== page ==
The local ACLU has been even worse, pleading impotence unless it can “get permission” from the regional ACLU up North. When asked why lawyers and activists on the local Board couldn’t take matters into their own hands, Former ACLU Board member Steve Pleich stormed out of a homeless activist meeting refusing to discuss the matter. Pleich reportedly seeks a position on the restrictive Association of Faith Communities Safe Parking program (but has also declined to respond to written criticisms and concerns about their program).

Hopefully, the Chico TRO will lead to a Preliminary Injunction that will embolden the terminally timid attorneys here to move, if only to collect some money, to protect the constantly crushed civil rights of those outside.

Meanwhile the City Manager, City Attorney, and City Mayor are playing peek-a-boo politics with the Martin v. Boise decision. Dustyheart Donna Meyers’ City Council tightens the noose around the homeless citywide with its ludicrous TOLO law up for further fascist formfitting on Tuesday April 13.

That law bans homeless survival camping in parks, greenbelts, neighborhoods, downtown, at the beach…hell, everywhere but on narrow sidewalks where they’ll be subject to “blocking the sidewalk” citations. Bellowing bigots from Seabright and the West Side are demanding their sidewalks be swept clean of “the homeless menace.”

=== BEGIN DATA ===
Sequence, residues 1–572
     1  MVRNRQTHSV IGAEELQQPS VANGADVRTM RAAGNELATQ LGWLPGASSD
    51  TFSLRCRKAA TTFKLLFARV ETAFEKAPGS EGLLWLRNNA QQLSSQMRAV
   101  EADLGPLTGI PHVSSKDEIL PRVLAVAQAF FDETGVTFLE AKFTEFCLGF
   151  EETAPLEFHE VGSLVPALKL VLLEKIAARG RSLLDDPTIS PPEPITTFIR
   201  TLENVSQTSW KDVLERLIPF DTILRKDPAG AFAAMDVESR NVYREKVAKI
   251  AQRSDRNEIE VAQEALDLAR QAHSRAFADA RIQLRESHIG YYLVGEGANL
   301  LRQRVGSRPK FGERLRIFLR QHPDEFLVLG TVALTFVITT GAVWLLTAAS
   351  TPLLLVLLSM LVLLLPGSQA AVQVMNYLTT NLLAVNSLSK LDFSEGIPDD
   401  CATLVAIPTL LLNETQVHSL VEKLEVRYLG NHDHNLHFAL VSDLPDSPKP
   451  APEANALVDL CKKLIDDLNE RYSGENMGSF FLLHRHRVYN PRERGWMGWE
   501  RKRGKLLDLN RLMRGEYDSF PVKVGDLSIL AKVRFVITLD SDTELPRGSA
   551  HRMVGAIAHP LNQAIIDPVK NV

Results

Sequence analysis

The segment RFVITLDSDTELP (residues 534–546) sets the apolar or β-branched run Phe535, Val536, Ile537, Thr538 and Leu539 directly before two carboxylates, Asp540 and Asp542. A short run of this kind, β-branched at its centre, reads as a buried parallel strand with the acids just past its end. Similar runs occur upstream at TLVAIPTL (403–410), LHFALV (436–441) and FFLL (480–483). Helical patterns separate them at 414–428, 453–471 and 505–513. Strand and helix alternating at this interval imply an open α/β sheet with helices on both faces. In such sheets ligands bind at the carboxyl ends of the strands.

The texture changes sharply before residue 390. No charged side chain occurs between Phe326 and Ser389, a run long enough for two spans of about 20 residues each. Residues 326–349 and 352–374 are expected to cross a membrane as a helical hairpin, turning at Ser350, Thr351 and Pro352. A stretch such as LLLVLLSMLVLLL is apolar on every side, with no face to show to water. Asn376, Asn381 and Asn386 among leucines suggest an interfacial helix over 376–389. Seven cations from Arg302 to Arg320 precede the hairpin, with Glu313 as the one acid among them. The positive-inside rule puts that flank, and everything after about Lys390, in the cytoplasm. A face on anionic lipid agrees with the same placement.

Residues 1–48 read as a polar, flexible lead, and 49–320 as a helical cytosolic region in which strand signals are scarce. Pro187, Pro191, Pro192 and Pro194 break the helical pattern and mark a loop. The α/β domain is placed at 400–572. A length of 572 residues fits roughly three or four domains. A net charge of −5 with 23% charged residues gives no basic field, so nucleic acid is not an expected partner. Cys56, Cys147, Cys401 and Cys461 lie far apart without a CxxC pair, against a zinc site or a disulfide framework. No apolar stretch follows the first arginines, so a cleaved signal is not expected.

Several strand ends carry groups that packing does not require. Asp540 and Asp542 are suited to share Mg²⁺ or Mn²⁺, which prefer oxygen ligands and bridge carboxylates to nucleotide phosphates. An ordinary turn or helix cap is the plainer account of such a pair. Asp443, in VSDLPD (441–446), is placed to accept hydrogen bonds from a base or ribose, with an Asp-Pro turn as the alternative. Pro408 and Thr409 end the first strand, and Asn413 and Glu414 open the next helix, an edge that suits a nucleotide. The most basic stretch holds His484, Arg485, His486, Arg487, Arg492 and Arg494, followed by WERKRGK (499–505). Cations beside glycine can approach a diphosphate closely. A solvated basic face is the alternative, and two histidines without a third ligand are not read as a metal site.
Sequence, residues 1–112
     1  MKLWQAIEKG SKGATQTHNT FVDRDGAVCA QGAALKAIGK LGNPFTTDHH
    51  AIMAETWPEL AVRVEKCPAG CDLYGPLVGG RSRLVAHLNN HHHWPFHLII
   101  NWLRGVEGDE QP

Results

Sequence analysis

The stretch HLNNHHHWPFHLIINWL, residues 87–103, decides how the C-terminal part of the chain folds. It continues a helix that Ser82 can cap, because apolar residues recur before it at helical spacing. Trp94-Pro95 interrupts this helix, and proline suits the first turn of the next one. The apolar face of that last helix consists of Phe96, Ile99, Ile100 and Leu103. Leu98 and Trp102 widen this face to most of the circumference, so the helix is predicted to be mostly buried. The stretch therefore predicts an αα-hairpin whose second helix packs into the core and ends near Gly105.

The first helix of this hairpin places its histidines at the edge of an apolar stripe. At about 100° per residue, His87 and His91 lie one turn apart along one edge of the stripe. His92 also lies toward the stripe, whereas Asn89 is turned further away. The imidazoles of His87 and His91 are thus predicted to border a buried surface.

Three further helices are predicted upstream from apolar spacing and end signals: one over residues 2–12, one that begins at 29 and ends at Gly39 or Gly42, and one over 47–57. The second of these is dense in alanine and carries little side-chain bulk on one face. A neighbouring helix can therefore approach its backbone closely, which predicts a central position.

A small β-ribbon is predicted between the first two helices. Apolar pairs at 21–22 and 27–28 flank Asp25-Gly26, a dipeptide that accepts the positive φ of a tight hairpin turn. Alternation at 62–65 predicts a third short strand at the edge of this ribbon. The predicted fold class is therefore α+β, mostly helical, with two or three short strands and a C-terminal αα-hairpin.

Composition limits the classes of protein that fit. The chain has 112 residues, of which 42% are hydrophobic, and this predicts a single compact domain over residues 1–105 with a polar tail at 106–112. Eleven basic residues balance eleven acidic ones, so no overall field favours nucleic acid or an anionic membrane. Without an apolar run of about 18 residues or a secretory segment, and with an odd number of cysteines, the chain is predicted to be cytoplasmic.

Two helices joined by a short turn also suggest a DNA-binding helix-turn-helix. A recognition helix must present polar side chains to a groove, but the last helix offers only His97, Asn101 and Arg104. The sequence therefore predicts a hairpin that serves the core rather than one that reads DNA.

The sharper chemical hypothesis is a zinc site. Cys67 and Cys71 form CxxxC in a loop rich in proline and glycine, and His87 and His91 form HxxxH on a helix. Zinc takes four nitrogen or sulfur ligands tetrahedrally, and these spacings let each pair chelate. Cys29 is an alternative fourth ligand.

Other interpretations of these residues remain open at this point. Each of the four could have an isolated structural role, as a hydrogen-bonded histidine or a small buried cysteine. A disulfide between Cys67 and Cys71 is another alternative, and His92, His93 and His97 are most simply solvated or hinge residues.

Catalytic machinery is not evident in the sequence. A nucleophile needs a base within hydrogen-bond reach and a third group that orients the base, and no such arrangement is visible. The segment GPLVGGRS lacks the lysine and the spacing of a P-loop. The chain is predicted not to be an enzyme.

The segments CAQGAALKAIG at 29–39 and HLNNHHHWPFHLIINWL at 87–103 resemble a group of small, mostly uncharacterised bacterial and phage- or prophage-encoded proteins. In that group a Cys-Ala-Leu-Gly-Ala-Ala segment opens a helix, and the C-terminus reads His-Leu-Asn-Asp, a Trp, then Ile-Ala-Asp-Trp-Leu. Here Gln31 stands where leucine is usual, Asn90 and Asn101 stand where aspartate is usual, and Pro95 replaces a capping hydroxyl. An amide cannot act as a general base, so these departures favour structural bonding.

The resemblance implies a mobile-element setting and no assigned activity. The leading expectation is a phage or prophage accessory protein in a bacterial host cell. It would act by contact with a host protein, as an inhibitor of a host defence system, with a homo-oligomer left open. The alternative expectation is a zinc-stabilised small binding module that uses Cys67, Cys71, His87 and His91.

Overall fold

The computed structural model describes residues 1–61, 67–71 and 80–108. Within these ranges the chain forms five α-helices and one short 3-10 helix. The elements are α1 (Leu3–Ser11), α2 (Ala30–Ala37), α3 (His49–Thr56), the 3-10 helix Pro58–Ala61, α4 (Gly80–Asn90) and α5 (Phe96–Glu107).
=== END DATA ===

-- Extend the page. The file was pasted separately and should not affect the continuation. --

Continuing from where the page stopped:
Meyers’ Council majority has signed on to Chief Mills’ clever but callous 7-point program. One device seems to be not providing specific safe zones in the TOLO law while retaining and augmenting the massive enforcement apparatus of the old unconstitutional Camping Ban.

This intentional cloudiness about safe zones was perhaps meant to reassure “drive the homeless out of sight, out of town” NIMBY activists in the neighborhoods but ironically has had the opposite effect. Or was the ambiguity intended as a device to stoke their fears in order to mobilize them into potential future vigilante action imperiling the homeless still further, but solidifying the racist anti-homeless electoral strategy with an eye on the 2022 elections?